9          Alessandro Ballan (Ita) Lampre – NGC
10          Nicolas Roche (Irl) AG2R La Mondiale

Polka Dot Jersey Standings

1           Egoi Martinez De Esteban (Spa) Euskaltel – Euskadi           78           pts
2          Christophe Kern (Fra) Cofidis, Le Credit en Ligne          59
3          Franco Pellizotti (Ita) Liquigas          55
4          Brice Feillu (Fra) Agritubel          49
5          Pierrick Fedrigo (Fra) BBOX Bouygues Telecom          49

Green Jersey Standings

1           Thor Hushovd (Nor) Cervelo Test Team           117           pts
2          Mark Cavendish (GBr) Team Columbia – HTC          106
3          Jose Joaquin Rojas Gil (Spa) Caisse d’Epargne          75
4          Gerald Ciolek (Ger) Team Milram          66
5          Oscar Freire Gomez (Spa) Rabobank          62

Overall Standings

1           Rinaldo Nocentini (Ita) AG2R La Mondiale
2          Alberto Contador Velasco (Spa) Astana          0:00:06
3          Lance Armstrong (USA) Astana          0:00:08
4          Levi Leipheimer (USA) Astana          0:00:39
5          Bradley Wiggins (GBr) Garmin – Slipstream          0:00:46
6          Andreas Klöden (Ger) Astana          0:00:54
7          Tony Martin (Ger) Team Columbia – HTC          0:01:00
8          Christian Vande Velde (USA) Garmin – Slipstream          0:01:24
9          Andy Schleck (Lux) Team Saxo Bank          0:01:49
10          Vincenzo Nibali (Ita) Liquigas          0:01:54



Bbox’s Thomas Voeckler won the stage after a start to finish breakaway.  Voeckler was able to get a gap on his 5 other pirate friends on a round about at 5km.  He was able to hold the lead to the line to take the stage.

Voeckler takes the early break to the line with panache

Voeckler takes the early break to the line with panache

Today’s stage was a southwesterly route in the south of France.  The racers battled stiff crosswinds all day that had them on edge.  Riders were battling to get to the front to stay out of trouble.  A group of six escaped including Voeckler, Geslin, Hutarovich, Sapa, Ignatiev and Timmer at about 28km.  The break got a small gap that grew to 1.5 minutes as the peloton stopped on mass for a nature stop.  The lead steadily grew to over 8 minutes.

There were two cat 4 climbs at about the halfway point at which time Astana and Saxo began working on the gap.  Even Cancellara worked to drive the pace.  Saxo’s efforts paid off as the field split into a group of 40 followed by a chase of the remaining riders.  During this time the crosswinds were taking a toll on the lead six that exacerbated the time loss.  The lead was reduced to 40 seconds at the 30km mark.  It wasn’t looking good for the break at that point.  Saxo realized there nothing to work for in that all the top riders were in the lead chase so they let up.  That allowed the six-man break to grow the lead back to 1:40 giving them a chance to bring it home.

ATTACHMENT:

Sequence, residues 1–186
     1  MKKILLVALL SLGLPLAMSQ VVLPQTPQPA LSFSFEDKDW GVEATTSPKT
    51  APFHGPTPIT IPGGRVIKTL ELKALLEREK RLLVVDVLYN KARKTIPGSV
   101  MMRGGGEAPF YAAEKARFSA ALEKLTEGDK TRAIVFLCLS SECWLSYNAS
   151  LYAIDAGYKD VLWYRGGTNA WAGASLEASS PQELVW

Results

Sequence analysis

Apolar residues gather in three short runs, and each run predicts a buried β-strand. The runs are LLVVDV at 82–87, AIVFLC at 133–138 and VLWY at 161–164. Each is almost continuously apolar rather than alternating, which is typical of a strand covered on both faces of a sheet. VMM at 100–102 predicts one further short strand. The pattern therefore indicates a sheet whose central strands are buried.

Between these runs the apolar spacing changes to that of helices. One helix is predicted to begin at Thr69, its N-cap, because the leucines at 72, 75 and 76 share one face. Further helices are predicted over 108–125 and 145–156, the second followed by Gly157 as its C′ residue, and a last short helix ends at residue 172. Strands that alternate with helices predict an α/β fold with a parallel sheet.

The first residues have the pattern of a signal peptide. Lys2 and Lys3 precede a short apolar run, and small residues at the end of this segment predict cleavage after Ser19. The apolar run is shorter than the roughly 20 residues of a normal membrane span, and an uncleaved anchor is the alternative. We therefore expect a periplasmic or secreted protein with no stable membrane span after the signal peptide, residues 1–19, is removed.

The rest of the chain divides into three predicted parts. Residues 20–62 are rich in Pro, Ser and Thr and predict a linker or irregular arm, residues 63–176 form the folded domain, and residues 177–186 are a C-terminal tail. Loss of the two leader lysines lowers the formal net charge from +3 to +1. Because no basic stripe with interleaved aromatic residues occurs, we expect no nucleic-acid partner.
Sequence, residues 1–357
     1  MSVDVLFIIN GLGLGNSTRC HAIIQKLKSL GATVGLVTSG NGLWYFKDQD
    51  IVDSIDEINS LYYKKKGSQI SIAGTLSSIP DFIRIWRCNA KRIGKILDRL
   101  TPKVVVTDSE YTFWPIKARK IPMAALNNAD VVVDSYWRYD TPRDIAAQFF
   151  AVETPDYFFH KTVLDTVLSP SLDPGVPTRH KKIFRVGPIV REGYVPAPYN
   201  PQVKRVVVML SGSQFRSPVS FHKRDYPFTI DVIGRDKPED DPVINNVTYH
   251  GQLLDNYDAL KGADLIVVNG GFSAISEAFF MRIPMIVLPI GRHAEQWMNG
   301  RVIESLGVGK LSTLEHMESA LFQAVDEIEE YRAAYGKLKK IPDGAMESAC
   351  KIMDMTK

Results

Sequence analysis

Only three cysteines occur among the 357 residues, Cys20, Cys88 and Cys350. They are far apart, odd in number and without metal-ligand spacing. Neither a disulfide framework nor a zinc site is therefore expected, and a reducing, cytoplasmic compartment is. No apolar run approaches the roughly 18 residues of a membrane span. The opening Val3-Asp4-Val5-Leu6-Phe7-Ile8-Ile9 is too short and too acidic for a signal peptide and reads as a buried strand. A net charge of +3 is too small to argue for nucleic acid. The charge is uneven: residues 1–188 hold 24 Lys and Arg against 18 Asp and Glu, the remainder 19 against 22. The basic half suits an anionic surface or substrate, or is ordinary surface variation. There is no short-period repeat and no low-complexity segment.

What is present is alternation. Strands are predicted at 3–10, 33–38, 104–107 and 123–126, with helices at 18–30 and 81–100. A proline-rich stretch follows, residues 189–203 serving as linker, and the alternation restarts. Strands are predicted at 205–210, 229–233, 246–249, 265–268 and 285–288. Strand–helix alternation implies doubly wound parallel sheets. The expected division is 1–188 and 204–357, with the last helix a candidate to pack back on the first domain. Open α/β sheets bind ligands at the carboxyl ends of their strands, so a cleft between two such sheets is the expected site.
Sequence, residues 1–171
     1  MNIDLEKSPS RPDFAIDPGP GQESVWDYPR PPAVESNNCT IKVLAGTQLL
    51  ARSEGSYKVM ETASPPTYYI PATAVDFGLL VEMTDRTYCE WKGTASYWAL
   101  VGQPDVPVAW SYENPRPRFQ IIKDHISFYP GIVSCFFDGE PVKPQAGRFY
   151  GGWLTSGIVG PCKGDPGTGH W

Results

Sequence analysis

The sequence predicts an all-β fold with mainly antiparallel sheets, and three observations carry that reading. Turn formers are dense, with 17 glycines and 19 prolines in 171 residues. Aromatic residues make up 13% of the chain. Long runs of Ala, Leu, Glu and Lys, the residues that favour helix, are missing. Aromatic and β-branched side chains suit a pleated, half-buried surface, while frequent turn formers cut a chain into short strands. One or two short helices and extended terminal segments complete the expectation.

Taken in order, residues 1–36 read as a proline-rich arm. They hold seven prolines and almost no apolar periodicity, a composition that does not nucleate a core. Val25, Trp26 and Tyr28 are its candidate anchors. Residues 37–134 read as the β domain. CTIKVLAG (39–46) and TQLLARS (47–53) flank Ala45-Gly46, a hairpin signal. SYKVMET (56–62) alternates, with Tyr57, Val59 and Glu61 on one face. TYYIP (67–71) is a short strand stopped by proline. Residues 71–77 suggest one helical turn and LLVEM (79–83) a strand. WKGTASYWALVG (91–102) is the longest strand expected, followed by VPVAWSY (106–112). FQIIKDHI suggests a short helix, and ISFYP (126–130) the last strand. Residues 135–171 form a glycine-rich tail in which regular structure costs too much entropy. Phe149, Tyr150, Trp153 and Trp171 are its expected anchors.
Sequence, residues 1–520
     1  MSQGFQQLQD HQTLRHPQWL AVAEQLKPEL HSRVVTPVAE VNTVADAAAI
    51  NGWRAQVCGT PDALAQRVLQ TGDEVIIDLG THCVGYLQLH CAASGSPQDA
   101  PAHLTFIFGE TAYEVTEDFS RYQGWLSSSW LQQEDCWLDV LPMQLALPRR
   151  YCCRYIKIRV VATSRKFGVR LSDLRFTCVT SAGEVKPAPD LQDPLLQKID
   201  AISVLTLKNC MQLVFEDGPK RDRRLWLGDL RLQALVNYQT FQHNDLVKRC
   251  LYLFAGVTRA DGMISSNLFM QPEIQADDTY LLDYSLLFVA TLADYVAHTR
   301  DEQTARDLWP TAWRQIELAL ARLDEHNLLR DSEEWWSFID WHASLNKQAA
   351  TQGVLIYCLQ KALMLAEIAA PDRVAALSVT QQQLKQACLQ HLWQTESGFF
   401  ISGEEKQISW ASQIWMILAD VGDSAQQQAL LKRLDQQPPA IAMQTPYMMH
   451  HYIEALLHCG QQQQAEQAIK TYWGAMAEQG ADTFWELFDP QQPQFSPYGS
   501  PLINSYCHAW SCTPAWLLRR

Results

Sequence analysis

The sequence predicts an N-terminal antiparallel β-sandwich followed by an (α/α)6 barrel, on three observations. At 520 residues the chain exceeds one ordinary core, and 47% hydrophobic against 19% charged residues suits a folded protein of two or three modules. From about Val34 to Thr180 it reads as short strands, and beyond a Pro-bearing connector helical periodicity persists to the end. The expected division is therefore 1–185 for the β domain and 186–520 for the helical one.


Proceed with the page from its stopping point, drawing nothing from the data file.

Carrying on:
At about 6km out, Ignatiev started the jumps.  He tried twice without success.  At just under 5km, Voeckler made a thunderous jump and held it to the line fighting a strong headwind solo for the win.  Ignatiev held on for second as the wildly undulating peloton bore down nearly stealing the spot.  Cavendish led the charge taking third in the process.

No change in the GC.

Ignatiev digs deep to hold second as Cavendish breaths down his neck

Ignatiev digs deep to hold second as Cavendish breaths down his neck

Stage 5 Recap

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Stage 5 Video

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Stage 5 Results

1. Thomas Voeckler Bbox Bouygues Telecom in 4:29:35
2. Mikhail Ignatiev Team Katusha in 4:29:42
3. Mark Cavendish Team Columbia – Htc in 4:29:42 at 00:07
4. Tyler Farrar Garmin – Slipstream in 4:29:42 at 00:07
5. Gerald Ciolek Team Milram in 4:29:42 at 00:07
6. Danilo Napolitano Team Katusha in 4:29:42 at 00:07
7. Joaquin Rojas Jose Caisse D’epargne in 4:29:42 at 00:07
8. Lloyd Mondory Ag2r-La Mondiale in 4:29:42 at 00:07
9. Oscar Freire Rabobank in 4:29:42 at 00:07
10. Thor Hushovd Cervelo Test Team in 4:29:42 at 00:07

Green Jersey Standings

1. Mark Cavendish Team Columbia – Htc 96 points
2. Thor Hushovd Cervelo Test Team 70 points
3. Tyler Farrar Garmin – Slipstream 54 points
4. Gerald Ciolek Team Milram 42 points
5. Thomas Voeckler Bbox Bouygues Telecom 41 points

Overall Standings

1. Fabian Cancellara Team Saxo Bank in 15:07:49
2. Lance Armstrong Astana
3. Alberto Contador Astana in 15:08:08 at 00:19
4. Andréas KlÖden Astana in 15:08:12 at 00:23
5. Levi Leipheimer Astana in 15:08:20 at 00:31
6. Bradley Wiggins Garmin – Slipstream in 15:08:27 at 00:38
7. Haimar Zubeldia Astana in 15:08:40 at 00:51
8. Tony Martin Team Columbia – Htc in 15:08:41 at 00:52
9. David Zabriskie Garmin – Slipstream in 15:08:55 at 01:06
10. David Millar Garmin – Slipstream in 15:08:56 at 01:07